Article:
Lindy Ruff, like Plato before him, has a very political adventure ahead of him. When balancing the harmony of a community, the principles that bind them happen through the reconciliation of freedom and solidarity. Every player has their own voice, rhythm, and demeanor. Together these elements either maximize a team’s efficiency, or subverts it. How, then, do you prevent a hockey team from becoming a society of strangers?
I know. I’m trying too hard to compete with Mike Heika’s brilliantly placed inclusion of Immanuel Kant into hockey writing. But competing with Heika isn’t the only categorical imperative at work here.
The Dallas Stars aren’t very good right now. There’s no need to belabor that point. Goaltending, special teams, but mostly injuries, have hobbled the victory green republic for which it stands.
But there are still elements of the team that can be controlled.
For the second season in a row, Jim Nill and Co. have decided to roll with eight defensemen. Keep in mind, this isn’t unprecedented. In fact, it’s downright typical. Over half the league carries at least eight defensemen (does it matter that only 6 of those 17 teams currently holds a playoff spot though?).
But Dallas has been rotating its defensemen with minimal confidence. Jamie Oleksiak has played 21 games between this season and the last. Patrik Nemeth has played 46. Both players ostensibly lost their roster spots to Jyrki Jokipakka early on in the 2015-2016 calendar year. Both players, however, certainly lost their roster spot to Kris Russell later on that season.
And now here we are, 13 games into the 2016-2017 season, and they’re taking a backseat to another young Finn in Esa Lindell.
This isn’t meant as a criticism to either the young blueline trying to break through, or to Dallas’ staff. Giving these young players ice time is determined by when victory can be satisfied through development, or without. After all, development is a two-way street. Developing players have to display what they can refine. Not what they have yet to identify.
Radek Faksa, Mattias Janmark, and Stephen Johns earned the benefit of the doubt by playing confident games, not uncertain about their potential contributions. Oleksiak and Nemeth, by contrast, still seem uncertain. And it’s an uncertainty that isn’t influenced by mere ‘scratches’.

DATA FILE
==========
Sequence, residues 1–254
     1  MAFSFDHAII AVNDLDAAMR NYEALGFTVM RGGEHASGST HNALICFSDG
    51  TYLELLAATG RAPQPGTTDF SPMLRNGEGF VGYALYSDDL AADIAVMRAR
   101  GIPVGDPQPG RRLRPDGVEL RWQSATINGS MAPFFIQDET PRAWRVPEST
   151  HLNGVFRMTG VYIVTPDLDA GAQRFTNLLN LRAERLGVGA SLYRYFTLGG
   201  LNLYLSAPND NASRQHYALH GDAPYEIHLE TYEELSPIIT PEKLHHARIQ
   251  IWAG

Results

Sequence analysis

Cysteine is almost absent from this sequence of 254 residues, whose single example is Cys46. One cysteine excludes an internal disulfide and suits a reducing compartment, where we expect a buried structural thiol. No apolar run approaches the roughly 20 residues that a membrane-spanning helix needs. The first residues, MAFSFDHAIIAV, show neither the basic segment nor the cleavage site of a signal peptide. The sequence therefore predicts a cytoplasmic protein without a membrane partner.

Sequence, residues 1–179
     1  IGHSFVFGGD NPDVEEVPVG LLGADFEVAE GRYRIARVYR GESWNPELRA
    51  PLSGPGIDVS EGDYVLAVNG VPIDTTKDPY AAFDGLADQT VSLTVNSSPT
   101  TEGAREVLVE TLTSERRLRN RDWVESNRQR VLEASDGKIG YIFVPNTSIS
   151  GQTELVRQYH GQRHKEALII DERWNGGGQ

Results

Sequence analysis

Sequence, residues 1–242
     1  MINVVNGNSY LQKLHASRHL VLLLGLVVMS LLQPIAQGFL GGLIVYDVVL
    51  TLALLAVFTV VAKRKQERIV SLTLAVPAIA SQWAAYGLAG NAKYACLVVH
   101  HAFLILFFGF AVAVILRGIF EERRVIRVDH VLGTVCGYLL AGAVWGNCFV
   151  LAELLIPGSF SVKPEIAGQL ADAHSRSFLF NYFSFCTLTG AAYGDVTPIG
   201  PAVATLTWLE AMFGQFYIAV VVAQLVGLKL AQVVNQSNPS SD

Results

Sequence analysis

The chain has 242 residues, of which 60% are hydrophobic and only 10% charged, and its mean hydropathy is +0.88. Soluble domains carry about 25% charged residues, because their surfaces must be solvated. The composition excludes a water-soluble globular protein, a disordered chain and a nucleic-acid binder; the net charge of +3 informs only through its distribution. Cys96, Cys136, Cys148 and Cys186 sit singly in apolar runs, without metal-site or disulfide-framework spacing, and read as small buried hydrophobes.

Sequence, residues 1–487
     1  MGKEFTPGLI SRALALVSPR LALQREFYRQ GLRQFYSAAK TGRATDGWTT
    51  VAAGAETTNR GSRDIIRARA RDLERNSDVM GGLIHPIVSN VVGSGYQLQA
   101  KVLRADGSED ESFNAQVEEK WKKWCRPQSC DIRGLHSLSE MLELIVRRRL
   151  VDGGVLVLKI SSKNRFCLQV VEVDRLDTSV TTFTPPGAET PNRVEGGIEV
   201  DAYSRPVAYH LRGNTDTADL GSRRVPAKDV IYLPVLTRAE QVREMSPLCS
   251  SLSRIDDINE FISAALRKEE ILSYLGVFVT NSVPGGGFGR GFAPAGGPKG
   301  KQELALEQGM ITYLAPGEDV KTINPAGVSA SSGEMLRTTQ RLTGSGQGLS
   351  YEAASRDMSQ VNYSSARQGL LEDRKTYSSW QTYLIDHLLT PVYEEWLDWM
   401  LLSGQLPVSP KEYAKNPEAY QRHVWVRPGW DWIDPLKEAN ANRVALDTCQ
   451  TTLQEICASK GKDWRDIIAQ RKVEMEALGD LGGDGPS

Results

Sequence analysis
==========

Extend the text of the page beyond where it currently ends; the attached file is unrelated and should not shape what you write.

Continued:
If it’s time to move on from the Calder Cup champions, perhaps it has less to do with their ice efficiency, and more to do with the makeup of the team. The Dallas Stars, when healthy, have the roster of a fast, north/south team.
A lot of the defensemen from the Texas Stars fit the mold of what Dallas has traditionally tried to do to support their high flying offense. I’m a firm believer in Julius Honka; so much so that I’m sure some readers roll their eyes whenever I mention his name since I never stop. He doesn’t just project to drive production. He projects to drive possession.
I would argue, as I did in August, that Mattias Backman belongs on a relatively short list of blueliners who could improve Dallas’ ability to transition. He’s not a mere puck mover, either. He’s an intelligent defensemen with the ability to rush the puck, but who plays a steady defensive role.
The list could expand to include names like Ludwig Bystrom, and even Andrew Bodnarchuk. The point is not that these players are ready. Nor am I arguing that it’s the young Dallas blueline we should be wagging our fingers at to explain Dallas’ early season failures.
Only that Dallas has options from within that could help kickstart a modest makeover, while cutting ties with players that could benefit elsewhere. Dallas has a lot of unfamiliar faces. One could argue that adding more could be disastrous. But don’t we need things on behalf of our own silly interests as we do on the behalf of strangers? The Dallas Stars still ooze potential. As the old landscape shifts, perhaps it’s time to embrace these wide eyed new faces.